Well, Golden Eagles did about everything that was asked of them. The Ft. Hood Wounded Warriors were never going to go down quietly after making it to this point, but the combination of the Marquette alumni’s talent and preparation carried them to a comfortable lead and a ticket punched to play the winner of Team Colorado vs. Purple & Black (Kansas State’s alumni team) tomorrow afternoon.
It took a while for the offense to get to scoring. By the end of the first quarter the Marquette alums found themselves down by 4 points. The Golden Eagles slowly started to find their footing as time ran out in the first half. Elgin Cook proved yet again what a valuable go-to scorer he is. He provided the team with 16 crucial points on an efficient 6-9 shooting. Andrew Rowsey gave Marquette its biggest lead of 10 with 2:30 left in the first half by going on a personal 6-0 run. He even gave the fans a little bit of nostalgia with a 4 point, slightly modified version of #TheThing.
Most of the team’s first half success came as a result of their defensive efforts. We harp time and time again about how the most prepared teams are the ones who emerge victorious in The Basketball Tournament. Marquette’s commitment to staying on the same page is what has led to their success in previous years, and it shows on defense. They set up tremendous half courts traps that led to a number of turnovers, they had good communication on screens, heck, even Rowsey showed that he can make good rotations. Any drought on offense was limited by their tough mindset on the other end.
Fans might’ve even considered tuning out early had it not been for the sequence that finished the first half. In a 2-for-1 opportunity Maurice Acker launched a deep and ill-advised three that fell short. Ft. Hood then scored to cut the lead to 5 with the Golden Eagles having a chance to extend the lead with the last shot, but with :18 left, Rowsey drove to the basket and dumped it off to Cinmeon Bowers, who had a wide open layup. Bowers must’ve thought a little bit too much because his shot trickled off the iron and the Wounded Warriors made a layup with less than 10 seconds left. 3 point lead, but there’s still more.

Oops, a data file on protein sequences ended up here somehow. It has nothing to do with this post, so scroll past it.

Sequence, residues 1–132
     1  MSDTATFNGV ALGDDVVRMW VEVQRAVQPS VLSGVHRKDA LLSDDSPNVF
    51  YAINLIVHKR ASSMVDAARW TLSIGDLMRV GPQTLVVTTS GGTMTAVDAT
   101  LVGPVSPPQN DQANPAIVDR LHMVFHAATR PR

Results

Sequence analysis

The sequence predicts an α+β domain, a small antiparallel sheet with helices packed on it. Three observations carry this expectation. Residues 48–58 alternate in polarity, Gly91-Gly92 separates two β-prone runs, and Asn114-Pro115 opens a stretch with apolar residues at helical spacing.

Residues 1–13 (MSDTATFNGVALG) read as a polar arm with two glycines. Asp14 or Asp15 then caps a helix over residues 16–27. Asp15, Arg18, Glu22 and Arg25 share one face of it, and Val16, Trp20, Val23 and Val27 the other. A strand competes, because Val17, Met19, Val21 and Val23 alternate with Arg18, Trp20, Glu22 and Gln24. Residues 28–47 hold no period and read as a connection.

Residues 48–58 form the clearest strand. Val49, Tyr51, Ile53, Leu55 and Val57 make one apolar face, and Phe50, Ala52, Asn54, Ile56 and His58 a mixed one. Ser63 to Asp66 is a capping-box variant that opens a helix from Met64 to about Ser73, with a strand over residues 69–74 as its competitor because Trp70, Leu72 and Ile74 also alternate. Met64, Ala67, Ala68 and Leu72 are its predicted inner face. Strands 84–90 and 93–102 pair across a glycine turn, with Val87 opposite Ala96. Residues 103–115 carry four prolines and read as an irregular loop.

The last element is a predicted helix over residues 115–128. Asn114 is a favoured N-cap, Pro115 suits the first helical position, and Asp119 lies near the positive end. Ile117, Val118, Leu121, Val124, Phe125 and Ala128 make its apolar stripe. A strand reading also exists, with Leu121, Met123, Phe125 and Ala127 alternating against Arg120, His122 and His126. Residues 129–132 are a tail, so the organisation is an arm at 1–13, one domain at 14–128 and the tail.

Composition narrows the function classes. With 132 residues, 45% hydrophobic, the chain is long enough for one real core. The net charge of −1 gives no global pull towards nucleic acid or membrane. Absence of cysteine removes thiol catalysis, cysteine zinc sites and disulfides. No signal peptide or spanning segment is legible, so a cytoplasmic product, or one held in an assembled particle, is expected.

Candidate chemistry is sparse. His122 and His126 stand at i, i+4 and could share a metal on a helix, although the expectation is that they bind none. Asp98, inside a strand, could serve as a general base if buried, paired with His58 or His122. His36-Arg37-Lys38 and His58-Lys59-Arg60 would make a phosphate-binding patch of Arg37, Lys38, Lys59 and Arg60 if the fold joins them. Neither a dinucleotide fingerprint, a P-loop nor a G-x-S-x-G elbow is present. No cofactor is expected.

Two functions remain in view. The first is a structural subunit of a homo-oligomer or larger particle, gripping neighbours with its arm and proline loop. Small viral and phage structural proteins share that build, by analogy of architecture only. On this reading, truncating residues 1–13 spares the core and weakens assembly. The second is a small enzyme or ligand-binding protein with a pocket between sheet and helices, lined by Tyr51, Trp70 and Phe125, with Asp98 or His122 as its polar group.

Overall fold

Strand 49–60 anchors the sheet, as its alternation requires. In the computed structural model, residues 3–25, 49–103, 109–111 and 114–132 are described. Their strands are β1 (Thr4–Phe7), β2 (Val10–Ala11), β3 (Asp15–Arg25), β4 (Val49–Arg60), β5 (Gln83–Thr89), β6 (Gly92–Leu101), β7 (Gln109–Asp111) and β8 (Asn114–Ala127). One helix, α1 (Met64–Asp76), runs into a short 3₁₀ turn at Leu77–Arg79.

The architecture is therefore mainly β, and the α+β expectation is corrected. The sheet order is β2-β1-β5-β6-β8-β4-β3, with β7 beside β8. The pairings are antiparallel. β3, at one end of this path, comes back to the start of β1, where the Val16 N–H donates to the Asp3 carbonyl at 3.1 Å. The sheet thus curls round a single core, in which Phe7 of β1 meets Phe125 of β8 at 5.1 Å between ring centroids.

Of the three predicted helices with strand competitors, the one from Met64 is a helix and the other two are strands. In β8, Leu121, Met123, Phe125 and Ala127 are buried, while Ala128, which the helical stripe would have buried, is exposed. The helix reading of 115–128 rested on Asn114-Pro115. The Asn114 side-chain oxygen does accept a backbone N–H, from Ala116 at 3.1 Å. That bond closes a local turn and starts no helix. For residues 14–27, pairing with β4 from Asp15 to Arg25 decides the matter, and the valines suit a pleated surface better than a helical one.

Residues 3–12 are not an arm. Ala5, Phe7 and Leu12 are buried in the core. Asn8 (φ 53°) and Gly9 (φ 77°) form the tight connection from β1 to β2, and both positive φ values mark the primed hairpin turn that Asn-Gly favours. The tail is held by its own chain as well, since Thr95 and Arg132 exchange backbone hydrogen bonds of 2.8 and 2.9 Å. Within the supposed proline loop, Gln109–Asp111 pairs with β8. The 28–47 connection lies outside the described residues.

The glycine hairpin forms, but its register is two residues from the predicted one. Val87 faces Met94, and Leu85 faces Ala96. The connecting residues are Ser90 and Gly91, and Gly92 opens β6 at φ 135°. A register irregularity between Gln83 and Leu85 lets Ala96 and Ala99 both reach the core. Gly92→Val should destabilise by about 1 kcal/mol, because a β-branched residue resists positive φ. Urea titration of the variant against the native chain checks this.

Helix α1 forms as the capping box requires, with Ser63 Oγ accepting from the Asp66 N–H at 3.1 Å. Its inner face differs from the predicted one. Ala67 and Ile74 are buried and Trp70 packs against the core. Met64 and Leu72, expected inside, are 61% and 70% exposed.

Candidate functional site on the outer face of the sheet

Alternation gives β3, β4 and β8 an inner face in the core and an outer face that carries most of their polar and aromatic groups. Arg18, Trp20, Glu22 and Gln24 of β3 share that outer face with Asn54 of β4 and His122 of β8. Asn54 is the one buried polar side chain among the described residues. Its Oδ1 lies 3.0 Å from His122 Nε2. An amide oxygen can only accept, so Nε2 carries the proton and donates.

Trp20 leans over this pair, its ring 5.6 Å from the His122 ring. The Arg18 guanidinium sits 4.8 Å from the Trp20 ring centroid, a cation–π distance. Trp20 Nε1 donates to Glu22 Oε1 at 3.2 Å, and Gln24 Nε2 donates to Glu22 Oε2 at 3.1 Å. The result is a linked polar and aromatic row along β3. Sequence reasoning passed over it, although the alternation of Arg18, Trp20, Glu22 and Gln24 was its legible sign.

Bowers wanted to give Acker a shot at a last second heave, but made a lazy pass that landed right in the hands of Ricardo Artis II, who quickly pulled up for a long two and chiseled what could’ve been an 8 point halftime lead down to 1. Just like that, the Golden Eagles need to clamp down at half.
The second half began with both teams going tit-for-tat in a more sloppy fashion. The Golden Eagles let Ft. Hood stay in the contest with some bad turnovers and even a technical foul. But as the quarter drew to a close, the firepower for the Marquette alumni started to take over. Fastbreak opportunities for Ft. Hood resulted in blocks, defensive miscues on Marquette’s part were not taken advantage of, and Andrew Rowsey started to hit more of his shots in good rhythm. It all resulted in our guys building a 12 point lead going into the final stanza.
The fourth quarter was more of the same, highlighted by spectacular fastbreak alley oop from Derrick Wilson to Lawrence Blackledge. With the depth available to Coach Joe Chapman and the relative ease of the game, they should be more rested than their opponent tomorrow. Oh, and Jamil Wilson wasn’t even playing. He’ll be back on Sunday due to a wedding, and #WeddingSzn needs to be respected by all.
Just about everyone had a great game overall, but Mo Acker was the only player who really struggled from the floor. I’ll give the game MVP to Dwight Buycks, who scored 23 points, the last of which won Marquette the game thanks to The Elam Ending, on 6-9 shooting with 7 assists, 2 turnovers, and 2 steals. He was the head honcho of the third quarter run that separated them from the Wounded Warriors.
With Self Made getting their lunch money stolen by Sideline Cancer, a regional final matchup between Marquette and the hometown favorite Aftershocks on Sunday is looking more and more likely. But they know as well as anyone that no TBT team can be easily overlooked.